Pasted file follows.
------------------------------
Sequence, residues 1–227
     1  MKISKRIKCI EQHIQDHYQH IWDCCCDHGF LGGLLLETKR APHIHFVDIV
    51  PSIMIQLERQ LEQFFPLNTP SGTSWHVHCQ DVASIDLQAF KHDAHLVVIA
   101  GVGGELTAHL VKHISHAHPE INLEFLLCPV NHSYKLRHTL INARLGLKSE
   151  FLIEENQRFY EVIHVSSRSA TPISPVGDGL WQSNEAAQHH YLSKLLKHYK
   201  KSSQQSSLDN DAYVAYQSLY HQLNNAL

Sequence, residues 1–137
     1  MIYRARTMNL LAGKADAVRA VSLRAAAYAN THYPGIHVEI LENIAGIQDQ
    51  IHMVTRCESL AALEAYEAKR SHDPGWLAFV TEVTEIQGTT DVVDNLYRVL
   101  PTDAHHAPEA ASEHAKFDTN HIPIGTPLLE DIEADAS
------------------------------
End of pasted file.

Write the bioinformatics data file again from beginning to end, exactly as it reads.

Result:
Sequence, residues 1–227
     1  MKISKRIKCI EQHIQDHYQH IWDCCCDHGF LGGLLLETKR APHIHFVDIV
    51  PSIMIQLERQ LEQFFPLNTP SGTSWHVHCQ DVASIDLQAF KHDAHLVVIA
   101  GVGGELTAHL VKHISHAHPE INLEFLLCPV NHSYKLRHTL INARLGLKSE
   151  FLIEENQRFY EVIHVSSRSA TPISPVGDGL WQSNEAAQHH YLSKLLKHYK
   201  KSSQQSSLDN DAYVAYQSLY HQLNNAL

Sequence, residues 1–137
     1  MIYRARTMNL LAGKADAVRA VSLRAAAYAN THYPGIHVEI LENIAGIQDQ
    51  IHMVTRCESL AALEAYEAKR SHDPGWLAFV TEVTEIQGTT DVVDNLYRVL
   101  PTDAHHAPEA ASEHAKFDTN HIPIGTPLLE DIEADAS